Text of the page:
from the houses built or renovated in the late seventeenth century, such as Stowe, Uppark (1690s), or Blenheim Palace (1706). These include dark, heavily paneled interiors; intimate inside spaces; less separation be tween owners and servants; and smaller scale adornments on the exterior (such as small window and tracery along th e roof lines). The Palladian style that became dominant during the seventeenth century emphasized symmetry, classical design features, larger public rooms, and greater individua l privacy. As England and the re st of Europe moved into the era of the Enlightenment in the eighteenth century, this style became more established and refined (Girouard). Gardens attached to such houses also reflected national and international fashions and changed over time, with elements appearing a nd disappearing, although some, such as water features, were only adapted a nd never disappeared, indicating the enduring popularity of these elements. Earlier gardens were smaller, more formal, and incorporated elements from late medieval styles as well as from Italian fashions (Hunt, Garden and Grove ). Medieval elements included turf benches, gravel walk ways, arbors, and the cultivation of flowers and fruit trees. The lawn or flowery mead, too, was an old elemen t that retained some popularity in early modern English gardens (McLean 118). The Italian influe nce added the concept of relating the garden and the house; the incorporation of strong simple lines and geom etric shapes in both hardscape and greenscape; and the addition of ground patterns, from wh ich were derived Tudor knots, labyrinths, and, with French influence, the later parterres (Jenni ngs 17-18). Native Tudor additions included a fascination with the rose, a nd the use of heraldic devices and colors in garden furnishings such as stat uary (Hadfield 41). But overall, th e early styles of the century were highly formalized, abstract ed, and dominated by shape rather than color. Inigo Jones was 33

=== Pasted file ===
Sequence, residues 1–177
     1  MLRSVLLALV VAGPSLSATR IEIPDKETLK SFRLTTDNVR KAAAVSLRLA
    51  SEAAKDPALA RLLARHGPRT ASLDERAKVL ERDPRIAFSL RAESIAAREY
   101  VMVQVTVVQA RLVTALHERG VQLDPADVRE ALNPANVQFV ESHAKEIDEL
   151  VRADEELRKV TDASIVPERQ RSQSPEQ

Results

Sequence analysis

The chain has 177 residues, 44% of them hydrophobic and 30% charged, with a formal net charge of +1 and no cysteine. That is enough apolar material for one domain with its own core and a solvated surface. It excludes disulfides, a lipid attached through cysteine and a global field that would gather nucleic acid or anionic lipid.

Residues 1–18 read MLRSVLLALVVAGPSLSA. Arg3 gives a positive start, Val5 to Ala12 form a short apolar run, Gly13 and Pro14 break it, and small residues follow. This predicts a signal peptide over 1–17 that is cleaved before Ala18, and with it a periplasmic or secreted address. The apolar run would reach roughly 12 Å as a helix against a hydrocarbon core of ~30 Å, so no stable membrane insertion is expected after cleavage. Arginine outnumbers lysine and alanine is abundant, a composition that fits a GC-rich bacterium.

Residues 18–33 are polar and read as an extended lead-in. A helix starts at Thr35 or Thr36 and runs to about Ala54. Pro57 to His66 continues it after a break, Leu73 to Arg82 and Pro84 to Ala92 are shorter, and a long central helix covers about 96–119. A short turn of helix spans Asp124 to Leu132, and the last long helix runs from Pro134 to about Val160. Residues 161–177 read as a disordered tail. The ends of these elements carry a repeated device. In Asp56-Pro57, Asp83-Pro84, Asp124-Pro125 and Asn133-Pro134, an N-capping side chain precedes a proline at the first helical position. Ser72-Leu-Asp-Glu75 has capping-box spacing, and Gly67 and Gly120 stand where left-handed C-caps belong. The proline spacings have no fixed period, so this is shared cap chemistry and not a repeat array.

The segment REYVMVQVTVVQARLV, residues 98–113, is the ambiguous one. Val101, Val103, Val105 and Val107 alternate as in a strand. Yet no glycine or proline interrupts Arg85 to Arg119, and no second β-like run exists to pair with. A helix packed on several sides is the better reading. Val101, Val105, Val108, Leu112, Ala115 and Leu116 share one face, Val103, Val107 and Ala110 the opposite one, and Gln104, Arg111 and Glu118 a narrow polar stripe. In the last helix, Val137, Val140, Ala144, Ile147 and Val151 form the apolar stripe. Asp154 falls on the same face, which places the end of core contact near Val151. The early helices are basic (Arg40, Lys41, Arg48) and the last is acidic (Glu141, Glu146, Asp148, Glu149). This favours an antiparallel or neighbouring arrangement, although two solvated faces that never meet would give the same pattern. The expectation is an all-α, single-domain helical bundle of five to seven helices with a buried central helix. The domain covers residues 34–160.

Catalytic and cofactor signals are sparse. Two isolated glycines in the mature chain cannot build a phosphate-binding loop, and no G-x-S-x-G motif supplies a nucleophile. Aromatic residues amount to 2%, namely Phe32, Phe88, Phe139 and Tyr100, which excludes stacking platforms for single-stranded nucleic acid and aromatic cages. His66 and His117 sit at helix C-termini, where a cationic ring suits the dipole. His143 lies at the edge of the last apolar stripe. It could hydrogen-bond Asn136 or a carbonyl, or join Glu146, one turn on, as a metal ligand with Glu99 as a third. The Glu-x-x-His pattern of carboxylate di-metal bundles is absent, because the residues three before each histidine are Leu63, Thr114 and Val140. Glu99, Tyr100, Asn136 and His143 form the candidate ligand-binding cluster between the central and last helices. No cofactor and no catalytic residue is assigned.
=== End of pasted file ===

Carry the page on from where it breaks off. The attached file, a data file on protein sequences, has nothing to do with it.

am ong the designers who were increasingly influen ced by French garden fashions in the last years of the sixteenth and the first half of the seve nteenth century. The French style was eventually defined by A ndre le Ntre, designer of Versailles, who approached gardening as a visual artist rather than a horticultu ral enthusiast, and whose motto was, appropriately enough, forcer la nature (Johnson 400). French desi gn was about attaining total control over the vagaries of nature. The creation of Versaill es involved major earthworks, reconfiguring the terrain to the requirements of designer and owner (396-97). The styles innovations included parterre s, fantastical water creations, auto mata and statuary, greater use of flowering plants as design elements, and particular ly the creation of vistas or prospects (Jennings 51-62). The size of pleasure gard ens also greatly increased, and those who could afford it had acres of land devoted solely to fashionable b eauty. The English appropria tions of French style may have been somewhat more modest and creat ed on smaller canvases, but they importantly followed the lead in expanding the horizons of th e garden to incorporate more of the outside world. This movement eventually helped lead to the complete disappearance of a visible boundary between inside and outside the garden in the landscape gardening designs of the following century. The final, and probably least influential, of the European styles to be adopted in England during the seventeenth century was the Dutch fashion. It gained prevalence in the last decades of the seventeenth century, with the reign of Willia m and Mary. According to Jennings, the English adopted these new fashions with a great deal mo re mediation than some of the earlier styles. Gardeners combined elements that were show n to work with English topography, such as avenues, both varied and homogeneous flower be ds, and container gardening, with the traditions that were already in place from the past centu ry, in order to create an English version of 34